Jeffersonville will finish its Ohio River Greenway trail with some help from a state grant.
Last week, city officials announced an award of nearly $2.4 million from Indiana’s Next Level Trails program. Jeffersonville is one of 38 communities and non-profit organizations across the state who are receiving a combined $65 million for 77 miles of new trail development.
Jeffersonville’s section of the Greenway currently ends under the Interstate 65 bridges. Officials will use the grant funding to extend the trail 1,900 feet to the west, past the restaurants on Riverside Drive, to the George Rogers Clark Memorial Bridge, also known as the Second Street Bridge.
“That was just something we hadn’t been able to work into our budget with all the other projects that we’ve had over the last 10 years,” said Grants Administrator DeLynn Rutherford. “It had just been put on the backburner. And so now, we’re finally able to do that.”
The Greenway is a nearly eight mile trail that connects Jeffersonville to Clarksville and New Albany. The extension will complete Jeffersonville’s section. Pedestrians and bikers will still have to use a small stretch of Riverside Drive to access Clarksville’s trail in Ashland Park.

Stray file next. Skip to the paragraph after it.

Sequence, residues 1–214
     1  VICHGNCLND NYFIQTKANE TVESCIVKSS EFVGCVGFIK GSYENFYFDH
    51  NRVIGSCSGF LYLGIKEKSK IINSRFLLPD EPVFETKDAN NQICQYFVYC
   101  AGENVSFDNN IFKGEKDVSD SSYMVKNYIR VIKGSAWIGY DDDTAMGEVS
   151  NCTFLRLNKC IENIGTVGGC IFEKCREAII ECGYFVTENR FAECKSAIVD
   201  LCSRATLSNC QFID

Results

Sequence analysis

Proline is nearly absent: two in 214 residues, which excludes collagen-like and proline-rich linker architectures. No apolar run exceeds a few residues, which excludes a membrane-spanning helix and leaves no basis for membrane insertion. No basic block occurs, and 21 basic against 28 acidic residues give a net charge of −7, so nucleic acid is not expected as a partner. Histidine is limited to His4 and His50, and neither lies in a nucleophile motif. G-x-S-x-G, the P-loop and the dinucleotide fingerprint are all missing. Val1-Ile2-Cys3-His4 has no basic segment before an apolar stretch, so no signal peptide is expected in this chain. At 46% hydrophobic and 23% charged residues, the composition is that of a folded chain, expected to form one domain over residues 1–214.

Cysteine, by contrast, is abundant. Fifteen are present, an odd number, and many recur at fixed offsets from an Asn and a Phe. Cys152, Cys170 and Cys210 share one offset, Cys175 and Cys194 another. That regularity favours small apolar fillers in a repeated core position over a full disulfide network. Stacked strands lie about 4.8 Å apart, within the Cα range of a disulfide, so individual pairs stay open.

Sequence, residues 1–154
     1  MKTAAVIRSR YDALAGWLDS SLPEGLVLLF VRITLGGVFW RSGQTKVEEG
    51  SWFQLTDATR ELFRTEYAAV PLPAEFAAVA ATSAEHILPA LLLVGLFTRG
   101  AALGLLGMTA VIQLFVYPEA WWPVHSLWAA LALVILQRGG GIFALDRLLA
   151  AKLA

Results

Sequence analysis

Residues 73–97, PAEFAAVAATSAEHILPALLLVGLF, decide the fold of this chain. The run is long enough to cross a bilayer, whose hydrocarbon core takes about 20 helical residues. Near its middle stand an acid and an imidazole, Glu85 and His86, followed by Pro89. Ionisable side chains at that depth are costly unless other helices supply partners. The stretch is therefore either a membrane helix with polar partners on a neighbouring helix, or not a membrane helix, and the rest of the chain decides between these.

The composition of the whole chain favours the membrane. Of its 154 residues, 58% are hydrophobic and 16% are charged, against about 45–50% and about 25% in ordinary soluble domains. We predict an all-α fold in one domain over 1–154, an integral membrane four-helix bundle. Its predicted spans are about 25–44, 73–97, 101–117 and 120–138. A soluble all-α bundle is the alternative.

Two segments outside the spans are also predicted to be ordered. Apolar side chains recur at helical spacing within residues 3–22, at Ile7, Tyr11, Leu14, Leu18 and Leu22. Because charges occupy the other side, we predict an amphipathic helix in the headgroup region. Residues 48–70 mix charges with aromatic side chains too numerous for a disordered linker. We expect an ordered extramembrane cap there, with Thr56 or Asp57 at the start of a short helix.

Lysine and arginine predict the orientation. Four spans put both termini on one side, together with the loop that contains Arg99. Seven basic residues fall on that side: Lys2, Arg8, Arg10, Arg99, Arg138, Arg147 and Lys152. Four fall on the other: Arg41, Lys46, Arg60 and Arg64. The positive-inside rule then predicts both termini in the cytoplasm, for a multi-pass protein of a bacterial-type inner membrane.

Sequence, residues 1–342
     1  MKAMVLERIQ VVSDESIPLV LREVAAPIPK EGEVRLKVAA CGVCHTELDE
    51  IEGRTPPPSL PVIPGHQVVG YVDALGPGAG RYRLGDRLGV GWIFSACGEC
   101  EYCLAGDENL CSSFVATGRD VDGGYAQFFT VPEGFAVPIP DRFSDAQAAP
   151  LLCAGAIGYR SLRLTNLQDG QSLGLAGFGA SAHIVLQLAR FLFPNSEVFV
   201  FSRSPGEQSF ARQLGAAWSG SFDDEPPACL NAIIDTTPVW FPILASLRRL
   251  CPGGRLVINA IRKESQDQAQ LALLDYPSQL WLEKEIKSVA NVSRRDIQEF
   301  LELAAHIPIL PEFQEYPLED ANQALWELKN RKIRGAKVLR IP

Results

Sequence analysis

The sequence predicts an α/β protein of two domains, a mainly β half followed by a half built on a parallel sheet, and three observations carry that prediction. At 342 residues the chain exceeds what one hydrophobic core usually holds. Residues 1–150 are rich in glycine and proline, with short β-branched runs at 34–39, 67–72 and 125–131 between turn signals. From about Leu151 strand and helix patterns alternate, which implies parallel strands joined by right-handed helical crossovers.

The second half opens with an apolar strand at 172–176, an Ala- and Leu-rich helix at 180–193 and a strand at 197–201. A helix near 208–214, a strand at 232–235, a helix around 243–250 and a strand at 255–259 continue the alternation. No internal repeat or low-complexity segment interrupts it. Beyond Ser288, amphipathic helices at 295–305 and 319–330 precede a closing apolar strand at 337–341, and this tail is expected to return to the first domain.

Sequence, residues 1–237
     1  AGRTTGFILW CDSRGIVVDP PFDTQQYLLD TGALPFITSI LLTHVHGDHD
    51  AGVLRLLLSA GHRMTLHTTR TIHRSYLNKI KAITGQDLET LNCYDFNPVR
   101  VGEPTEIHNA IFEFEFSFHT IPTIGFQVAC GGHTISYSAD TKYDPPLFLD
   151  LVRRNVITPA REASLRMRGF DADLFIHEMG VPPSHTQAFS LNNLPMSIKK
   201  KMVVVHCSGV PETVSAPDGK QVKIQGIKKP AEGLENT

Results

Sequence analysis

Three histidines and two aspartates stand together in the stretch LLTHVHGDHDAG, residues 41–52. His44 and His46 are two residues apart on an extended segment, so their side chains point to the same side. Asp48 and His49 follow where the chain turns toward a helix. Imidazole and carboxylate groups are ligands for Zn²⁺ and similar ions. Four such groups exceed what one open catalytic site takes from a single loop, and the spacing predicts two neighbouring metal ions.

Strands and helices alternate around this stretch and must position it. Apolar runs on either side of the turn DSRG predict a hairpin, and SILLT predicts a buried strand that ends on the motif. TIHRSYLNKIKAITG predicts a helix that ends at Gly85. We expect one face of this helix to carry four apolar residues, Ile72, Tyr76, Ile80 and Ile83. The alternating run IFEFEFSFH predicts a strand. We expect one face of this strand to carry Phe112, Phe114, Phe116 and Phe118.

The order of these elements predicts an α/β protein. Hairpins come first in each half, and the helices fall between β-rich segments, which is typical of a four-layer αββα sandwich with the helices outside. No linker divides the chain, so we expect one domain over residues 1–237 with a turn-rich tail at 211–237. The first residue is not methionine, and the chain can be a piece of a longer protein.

Jeffersonville City Council Member Dustin White, whose district includes large portions of the riverfront, said he often hears complaints about the lack of trail access by the restaurants on Riverside Drive.
“When you run or walk down Riverside Drive towards Clarksville, it kind of opens up into gravel around the parking areas, and then you’re in the street until you get over to Ashland Park in Clarksville,” he said. “So it was a good announcement, and it’ll be a good continuation of a great idea.”
White said he’s interested in exploring other trail possibilities in the city, including extending them through the former Jeffboat shipyard and repurposing former railroads.
“People have, I think, an innate desire to be outside and enjoy the outdoors when the weather’s nice,” he said. “And this just highlights what we have to offer. Those who live here can enjoy a better quality of life and those who, for example, live in Louisville or further north can come down and enjoy these different assets on their time off.”
Officials hope to wrap up the Greenway extension by the end of next year.
John Boyle is a corps member with Report For America, a national service program that places journalists into local newsrooms. John’s coverage of Southern Indiana is funded, in part, by the Caesars Foundation of Floyd County, Community Foundation of Southern Indiana and Samtec, Inc.